Thursday, May 10, 2012

Dick Lugar's Republican Manifesto of Doom

 By Wayne Bertsch on Nuvo 

Senator Dick Lugar of Indiana just lost a Republican Primary race against Richard Mourdock, a member of the Tea Party. Lugar is - was -  an elder statesman of his party in the Senate, a member since the mid-1970s. He served on and sometimes led the Foreign Relations Committee, and was well-known for working on bipartisan efforts to dismantle weapons systems around the world. When he worked with Senator Sam Nunn (D-Georgia) on such a project they were nominated for a Nobel Prize.

So why don't the Republicans want him anymore? For one thing, in the past he sometimes tried to work with Obama instead of against him. *horrors* For another, he was critical of the Tea Party and their influence on Republicanism as a whole. But basically, he just wasn't conservative enough for the right wing, although no one would have called him a true centrist until now.


After his concession speech to Mourdock, Lugar wrote a manifesto of sorts about why he thinks he lost - over 1,000 words of it! He also sternly took Mourdock to task for his partisan and obstructionist views, and prophecied that if elected the new candidate would get nothing done as a Senator.
Here's an excerpt from CNN
The truth is that the headwinds in this race were abundantly apparent long before Richard Mourdock announced his candidacy. One does not highlight such headwinds publically when one is waging a campaign. But I knew that I would face an extremely strong anti-incumbent mood following a recession. I knew that my work with then-Senator Barack Obama would be used against me, even if our relationship were overhyped. I also knew from the races in 2010 that I was a likely target of Club for Growth, FreedomWorks and other Super Pacs dedicated to defeating at least one Republican as a purification exercise to enhance their influence over other Republican legislators.

. . . If Mr. Mourdock is elected, I want him to be a good Senator. But that will require him to revise his stated goal of bringing more partisanship to Washington. He and I share many positions, but his embrace of an unrelenting partisan mindset is irreconcilable with my philosophy of governance and my experience of what brings results for Hoosiers in the Senate. In effect, what he has promised in this campaign is reflexive votes for a rejectionist orthodoxy and rigid opposition to the actions and proposals of the other party. His answer to the inevitable roadblocks he will encounter in Congress is merely to campaign for more Republicans who embrace the same partisan outlook. He has pledged his support to groups whose prime mission is to cleanse the Republican party of those who stray from orthodoxy as they see it. This is not conducive to problem solving and governance. And he will find that unless he modifies his approach, he will achieve little as a legislator. Worse, he will help delay solutions that are totally beyond the capacity of partisan majorities to achieve.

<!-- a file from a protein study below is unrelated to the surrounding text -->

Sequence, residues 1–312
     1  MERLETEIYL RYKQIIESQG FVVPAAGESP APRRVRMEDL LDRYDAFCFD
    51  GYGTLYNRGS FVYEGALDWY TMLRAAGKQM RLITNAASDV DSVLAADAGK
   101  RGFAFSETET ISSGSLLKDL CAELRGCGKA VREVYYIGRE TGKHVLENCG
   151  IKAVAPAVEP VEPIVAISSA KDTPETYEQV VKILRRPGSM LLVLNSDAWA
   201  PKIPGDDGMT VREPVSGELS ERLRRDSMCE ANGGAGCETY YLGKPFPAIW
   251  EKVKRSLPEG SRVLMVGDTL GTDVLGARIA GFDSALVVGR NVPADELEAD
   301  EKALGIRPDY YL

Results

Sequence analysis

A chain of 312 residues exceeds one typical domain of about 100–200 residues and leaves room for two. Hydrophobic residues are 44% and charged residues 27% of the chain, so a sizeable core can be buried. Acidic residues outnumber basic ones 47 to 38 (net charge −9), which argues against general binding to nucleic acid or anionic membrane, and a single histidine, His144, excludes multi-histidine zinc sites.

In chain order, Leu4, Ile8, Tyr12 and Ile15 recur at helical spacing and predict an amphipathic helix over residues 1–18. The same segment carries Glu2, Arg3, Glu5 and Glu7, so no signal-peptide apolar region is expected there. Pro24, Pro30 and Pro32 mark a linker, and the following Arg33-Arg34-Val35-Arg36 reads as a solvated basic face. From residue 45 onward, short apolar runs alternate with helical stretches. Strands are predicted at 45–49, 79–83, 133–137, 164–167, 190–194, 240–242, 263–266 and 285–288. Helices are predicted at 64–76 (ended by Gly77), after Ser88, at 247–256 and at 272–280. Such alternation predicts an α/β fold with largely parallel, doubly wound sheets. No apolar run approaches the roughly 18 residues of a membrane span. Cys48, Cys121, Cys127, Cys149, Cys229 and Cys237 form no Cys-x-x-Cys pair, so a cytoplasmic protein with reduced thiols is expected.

. . . Republican members are now expected to take pledges against any tax increases. For two consecutive Presidential nomination cycles, GOP candidates competed with one another to express the most strident anti-immigration view, even at the risk of alienating a huge voting bloc. Similarly, most Democrats are constrained when talking about such issues as entitlement cuts, tort reform, and trade agreements. Our political system is losing its ability to even explore alternatives. If fealty to these pledges continues to expand, legislators may pledge their way into irrelevance. Voters will be electing a slate of inflexible positions rather than a leader.

Ironically, while Mourdock explains that his opponent was "out of touch" with Indiana and the rest of the country, Lugar's message actually echoes the thoughts of a majority of Americans that things are too divided, too negative, and basically caught in political gridlock, especially in Washington. Most people want Senators and Congressmen to work together for the common good instead of being purists and didactic theocrats.

So how did Mourdock answer Lugar's Manifesto? He proved him correct by making a ridiculous statement about how everyone should just agree with Republicans because they are always right. I think Lugar knew his opponent and the Tea Party mindset quite well. No middle ground, no compromise. The Tea Party counters Lugar's verbosity with its own one-word manifesto - NO.

"I certainly think bipartisanship ought to consist of Democrats
coming to the Republican point of view."
~ Richard Mourdock of Indiana 
( Miss the Point Much? )


  1. Great article on where the Republican party is now at. President Obama is one of the greastest politicians I have ever seen. The term "No drama Obama" doesn't even come close to describing this man's political savy. The day after President Obama takes a historic stance on gay rights and after Romney takes a strong anti gay rights stance this article hits the web:

    If anyone doesn't think these two things weren't coordinated then they don't recognize genius when it hits them in the face.

    1. That article is absolutely fascinating! How bizarre that a student could be thrown out of Romney's prep school for smoking, but when he attacked that same boy with scissors there were no consequences. Sounds like he was raised to be an elitist bully and a homophobe.

      I think you're right about the timing of the article, and I bet they have more to come about his life during Vietnam, which he spent in Paris. That really drives me crazy. One of my brothers had a college degree during Vietnam, but ended up sent by the Air Force to Goose Bay, Labrador near the Arctic Circle - not exactly Paris, France. But then, we didn't have a Governor for a father. My oldest brother who is just a year younger than Romney had to go into the National Guard.